A bit south from the Marriott, Hutchinson Island narrows to a stretch called Gilbert's Bar. Here, on the ocean side, you'll find the area’s best-known historic site, the House of Refuge. The oldest standing structure in Martin County and one of ten such shelters built all along the coast in the 1870s to provide a haven for shipwrecked sailors, it is now a museum, open daily from 10 AM to 4 PM (Sundays 1-4). There's a dock on the lagoon side for small craft and the museum's phone number is on Chart 6. However you get to it, by land or sea, it’s worth a visit for scenic as well as historic values. Gilbert's Bar is a ledge of eroded rock alternating with some of the finest strands of uncrowded beach to be found anywhere. Interestingly, especially considering the aims of the House of Refuge, Gilbert's Bar was named for Don Pedro Gilbert, a notorious pirate and slave trader of the early 1800s. It is said he sheltered his schooner Panda there whenever a natural inlet would open from the ocean to the Indian River.
Along the ICW inside lower Hutchinson Island are shoals, flats, sandbars and spoil islands interlaced with channels of varying depths, and the area is very popular with local fishermen for snook, seatrout and flounder, and with local boatmen for picnics, camping and watersports. Joining them in some of the better spots is tricky, and depths sometimes change on short notice, so you’ll do well to ask — or follow — the locals.
Be advised that from the Stuart Causeway south to Hobe Sound you may encounter occasional maintenance-dredging operations. This is important on two counts: First, you need to exercise caution in the vicinity of a dredge — there, or anywhere (you should hail them on VHF 13 for instructions). Second, you may be lucky enough to find that some shoals we've warned about are no longer a problem. But be careful anyway, just in case.
At Mile 987.5 the waterway crosses the St. Lucie River at a place called The Crossroads. And a crossroads it is — the waterway intersects with one channel leading eastward to St. Lucie Inlet and another leading westward around Stuart and into the St. Lucie River. (This is the actual beginning of the Okeechobee Waterway but it's still thought of as the St. Lucie River locally.) Traffic can be heavy, currents are strong, shoals are aplenty and move constantly. Markers also are moved in hot pursuit of the best water; but they seldom quite catch up. Shoaling has been reported in the St. Lucie Inlet between Lighted Buoys #2 and #3; in the St. Lucie River near Daybeacon #6 and in the St. Lucie Canal near Daybeacon #38.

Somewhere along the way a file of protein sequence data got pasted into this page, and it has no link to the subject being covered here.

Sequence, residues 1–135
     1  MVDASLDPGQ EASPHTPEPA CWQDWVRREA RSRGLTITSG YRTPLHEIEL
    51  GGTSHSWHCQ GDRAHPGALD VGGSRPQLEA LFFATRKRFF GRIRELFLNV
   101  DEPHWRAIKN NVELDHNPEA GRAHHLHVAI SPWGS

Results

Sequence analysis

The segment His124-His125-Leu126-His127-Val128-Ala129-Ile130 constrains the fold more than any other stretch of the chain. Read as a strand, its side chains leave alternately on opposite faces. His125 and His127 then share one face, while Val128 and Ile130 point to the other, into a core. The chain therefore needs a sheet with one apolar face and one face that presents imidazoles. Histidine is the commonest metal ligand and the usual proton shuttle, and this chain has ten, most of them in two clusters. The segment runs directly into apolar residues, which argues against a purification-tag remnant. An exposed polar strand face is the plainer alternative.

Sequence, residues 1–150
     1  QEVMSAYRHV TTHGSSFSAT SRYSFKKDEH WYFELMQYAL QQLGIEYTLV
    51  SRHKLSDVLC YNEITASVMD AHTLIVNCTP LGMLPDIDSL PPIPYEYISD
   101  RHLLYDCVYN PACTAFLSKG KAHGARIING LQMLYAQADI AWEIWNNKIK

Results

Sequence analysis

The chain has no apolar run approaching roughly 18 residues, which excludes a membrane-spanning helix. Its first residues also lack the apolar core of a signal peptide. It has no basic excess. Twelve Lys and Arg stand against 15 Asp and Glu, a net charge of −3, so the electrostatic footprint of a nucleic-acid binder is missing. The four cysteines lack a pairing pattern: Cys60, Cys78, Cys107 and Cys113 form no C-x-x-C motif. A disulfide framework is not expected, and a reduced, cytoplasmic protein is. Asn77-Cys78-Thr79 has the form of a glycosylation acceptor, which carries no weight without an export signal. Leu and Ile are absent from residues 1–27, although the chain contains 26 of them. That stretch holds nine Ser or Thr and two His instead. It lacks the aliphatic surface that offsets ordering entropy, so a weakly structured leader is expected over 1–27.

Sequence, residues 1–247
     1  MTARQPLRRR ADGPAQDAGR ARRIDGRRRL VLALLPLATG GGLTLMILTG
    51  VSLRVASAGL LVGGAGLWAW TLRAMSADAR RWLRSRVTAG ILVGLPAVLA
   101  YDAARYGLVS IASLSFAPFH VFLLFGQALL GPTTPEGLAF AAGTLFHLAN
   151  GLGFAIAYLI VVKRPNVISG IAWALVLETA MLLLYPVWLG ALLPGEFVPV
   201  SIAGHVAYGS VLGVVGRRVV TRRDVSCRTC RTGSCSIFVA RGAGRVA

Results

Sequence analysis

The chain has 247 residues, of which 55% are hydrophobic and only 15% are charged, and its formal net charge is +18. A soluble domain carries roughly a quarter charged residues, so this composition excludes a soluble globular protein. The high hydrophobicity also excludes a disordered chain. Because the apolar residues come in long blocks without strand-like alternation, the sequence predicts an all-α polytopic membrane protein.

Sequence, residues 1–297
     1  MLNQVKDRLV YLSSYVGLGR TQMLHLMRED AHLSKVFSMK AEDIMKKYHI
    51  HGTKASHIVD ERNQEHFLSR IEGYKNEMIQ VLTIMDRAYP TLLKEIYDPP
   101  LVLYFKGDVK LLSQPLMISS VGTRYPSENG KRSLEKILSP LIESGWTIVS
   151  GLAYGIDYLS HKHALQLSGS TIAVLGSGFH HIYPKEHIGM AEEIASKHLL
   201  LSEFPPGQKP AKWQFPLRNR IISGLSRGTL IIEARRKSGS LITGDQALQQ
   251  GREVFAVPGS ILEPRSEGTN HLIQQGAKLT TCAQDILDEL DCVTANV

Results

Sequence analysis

No chart is likely to be current and even the markers should be followed with at least a bit of caution. But with caution, you should have no problems.
For all of its faults, The Crossroads represents a number of options to cruising boats, all of them good:
Option Number One is to go eastward out the St. Lucie Inlet to the Atlantic. The inlet has been improved of late, but still has a terrible reputation for changing almost overnight. We'd no longer say (as we once had to) you should avoid the inlet unless you have local knowledge, though we still suggest using caution — but then, that's not a bad suggestion for any inlet, even the “good” ones!
Option Number Two is to go westward into the St. Lucie River. The first point of interest on that route is the Manatee Pocket and Port Salerno on the south shore. One of the great hurricane holes, its character is more like a New England village than anything in Florida. There's a plethora of marine facilities and commercial and sport fishing docks, including the Hinckley yard, Mariner Cay, Pirate's Cove, Sailfish Marina of Stuart, with boat yard services and fuel, Finest Kind Marina & Tackle (their specialty), a boat yard named A & J and others, plus a nearly equal number of good restaurants and stopping-places, all with docks. Also, there is plenty of protected anchorage, with use limited to three days unless you’re registered at Sandsprit Park at the mouth of the pocket. (This may call for a dinghy trip; no dockage at the park.)
Above Manatee Pocket the St. Lucie deepens, turns northward, opens up into a wonderfully broad sailing area, then bends westward and past the city of Stuart. On the way, in a pocket on the west shore, is Whiticar Boat Works, long a first-class boatyard and repair facility.
The Roosevelt Bridge is a busy one, carrying U.S. Highway One, and is paralleled by a railroad bridge (7 feet closed clearance) that remains open except when a train is due. Unfortunately, the railroad schedule is known only to God and the railroad dispatcher, who is now actually a computer in Jacksonville.
A second span is planned for the US l bridge ... then the bascule bridge, with 14 feet closed clearance, will become a thing of the past. (It now carries local traffic.) The railroad bridge will remain, of course. Note also: the railroad bridge has considerably less horizontal clearance than either the old or new U.S. 1 bridges — beware! (Continue...)
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